Leeming also includes individuals mentioned only in passing, one line descriptions often providing no more than each writer herself offered. Opening at random I read of Goton in Villette (“Flemish cook in Mme. Beck’s school, with whom Lucy is a favourite”) or Miss Prince in Emma (“a teacher at Miss Goddard’s school”).
These days online sites freely and profusely provide such lists of characters; forty years ago though this would have indeed been “a useful little book” for readers losing track of which individual was being referred to, or what relationship they had to another individual. Here it is also done with sly humour, capturing the piquant observations of the novelists.
(By all accounts John Sutherland’s recent The Brontësaurus: An A-Z of Charlotte, Emily and Anne Brontë also treats the novels with wit,** but as this work omits Austen altogether I’ll happily make do with Leeming for a while longer.)
** I assume Sutherland penned his own description of himself in the Guardian, where he is distinguished as “Lord Northcliffe Professor Emeritus of Modern English Literature at UCL (“emeritus” being Latin for “scrapheap” and “Northcliffe” journalistic shorthand for “you cannot be serious”).” If so, then readers of The Brontësaurus (and indeed his other writings) must be in for a treat.
Gerald Morgan Castles in Wales: A Handbook
Y Lolfa 2008
It’s often claimed that, per square mile, Wales has the largest number of castles in the world.¹ Whether it’s the Welsh bigging themselves up or one of those memes that’s just accepted, it’s certainly true that the country has over 600 examples. As Wales is over 8000 square miles — nearly 20,800 square kilometres — in area,² this means there is a castle for every 13 sq miles (35 sq km) of land. Nowadays that works out at around one castle for every 5000 head of population, whereas in the Middle Ages, when the inhabitants of Wales may have fluctuated between 150K and 300K, each castle was on average meant to overawe between 250 and 500 Welshmen and -women. That’s some comment on the fears of the mostly Norman and Plantagent overlords who built them and on the rightfully bolshie attitudes of the native peoples.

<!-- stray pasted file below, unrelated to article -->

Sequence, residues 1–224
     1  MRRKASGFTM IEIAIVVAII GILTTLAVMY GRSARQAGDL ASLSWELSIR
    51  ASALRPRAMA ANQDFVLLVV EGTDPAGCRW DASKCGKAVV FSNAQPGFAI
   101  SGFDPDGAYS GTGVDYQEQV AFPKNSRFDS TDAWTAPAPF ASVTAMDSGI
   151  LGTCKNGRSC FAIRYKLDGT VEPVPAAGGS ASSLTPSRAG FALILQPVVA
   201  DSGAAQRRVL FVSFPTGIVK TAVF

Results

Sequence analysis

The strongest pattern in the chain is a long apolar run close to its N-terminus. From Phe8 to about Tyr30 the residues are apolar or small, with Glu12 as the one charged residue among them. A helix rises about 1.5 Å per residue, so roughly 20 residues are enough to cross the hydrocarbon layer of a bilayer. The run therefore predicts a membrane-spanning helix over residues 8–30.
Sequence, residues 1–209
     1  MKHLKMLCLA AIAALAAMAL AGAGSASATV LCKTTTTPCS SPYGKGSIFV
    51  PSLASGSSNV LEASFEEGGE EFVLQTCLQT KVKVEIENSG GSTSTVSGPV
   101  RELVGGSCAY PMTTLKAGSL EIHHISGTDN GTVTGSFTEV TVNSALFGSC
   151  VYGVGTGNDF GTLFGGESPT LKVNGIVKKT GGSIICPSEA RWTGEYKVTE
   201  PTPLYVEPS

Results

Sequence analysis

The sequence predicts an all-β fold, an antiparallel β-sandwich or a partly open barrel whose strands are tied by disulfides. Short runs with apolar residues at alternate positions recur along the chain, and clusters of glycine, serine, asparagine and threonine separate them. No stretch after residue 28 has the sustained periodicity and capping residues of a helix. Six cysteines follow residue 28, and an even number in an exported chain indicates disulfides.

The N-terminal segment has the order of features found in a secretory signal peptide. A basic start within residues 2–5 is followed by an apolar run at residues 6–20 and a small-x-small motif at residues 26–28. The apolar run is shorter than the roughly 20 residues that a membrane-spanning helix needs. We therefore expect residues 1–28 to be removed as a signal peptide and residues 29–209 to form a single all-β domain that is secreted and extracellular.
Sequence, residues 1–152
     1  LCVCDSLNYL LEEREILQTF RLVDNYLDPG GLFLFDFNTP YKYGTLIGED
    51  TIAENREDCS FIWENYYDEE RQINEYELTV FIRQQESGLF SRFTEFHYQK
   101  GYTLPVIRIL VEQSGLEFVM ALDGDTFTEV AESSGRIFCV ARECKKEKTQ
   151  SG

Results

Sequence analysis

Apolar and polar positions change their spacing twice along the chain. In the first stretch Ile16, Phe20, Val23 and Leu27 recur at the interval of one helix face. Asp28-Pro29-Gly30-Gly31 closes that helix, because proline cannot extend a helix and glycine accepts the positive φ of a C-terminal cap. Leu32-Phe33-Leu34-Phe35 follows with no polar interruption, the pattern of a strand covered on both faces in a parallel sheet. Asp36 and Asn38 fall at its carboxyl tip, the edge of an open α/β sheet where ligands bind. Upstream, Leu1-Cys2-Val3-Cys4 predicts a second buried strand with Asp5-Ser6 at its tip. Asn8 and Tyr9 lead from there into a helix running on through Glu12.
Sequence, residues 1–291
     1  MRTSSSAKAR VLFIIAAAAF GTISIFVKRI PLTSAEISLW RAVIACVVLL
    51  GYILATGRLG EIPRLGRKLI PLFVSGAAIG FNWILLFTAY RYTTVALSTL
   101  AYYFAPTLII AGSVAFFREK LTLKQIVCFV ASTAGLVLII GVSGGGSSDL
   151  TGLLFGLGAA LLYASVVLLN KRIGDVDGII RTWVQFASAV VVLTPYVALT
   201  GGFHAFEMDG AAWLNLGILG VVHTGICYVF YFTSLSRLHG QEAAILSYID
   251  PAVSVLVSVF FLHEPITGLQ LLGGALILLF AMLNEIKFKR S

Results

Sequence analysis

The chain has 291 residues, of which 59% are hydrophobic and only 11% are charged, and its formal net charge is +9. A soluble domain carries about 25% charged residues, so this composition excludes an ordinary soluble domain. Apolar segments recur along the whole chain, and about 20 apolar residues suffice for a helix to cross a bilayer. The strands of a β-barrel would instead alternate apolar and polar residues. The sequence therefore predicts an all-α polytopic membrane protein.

When we imagine castles it’s odds-on we picture something like Disneyland’s Sleeping Beauty Castle, partly modelled on the 19th-century castle at Neuschwanstein, or perhaps one of the French chateaux of the Loire. The fact is that castles come in all shapes and sizes and with varying degrees of function. Gerald Morgan makes this point very clearly in his introduction to this Welsh castle handbook: while the simplest definition could be ‘a medieval European fortified stronghold’ (thus excluding prehistoric earthworks, Roman camps and Victorian follies and fancies, for example) it can include everything from ringworks and motte-and-bailey structures to fortified manor houses and walled palaces, as well as the great military showpieces that typify the Welsh castle in the popular mind.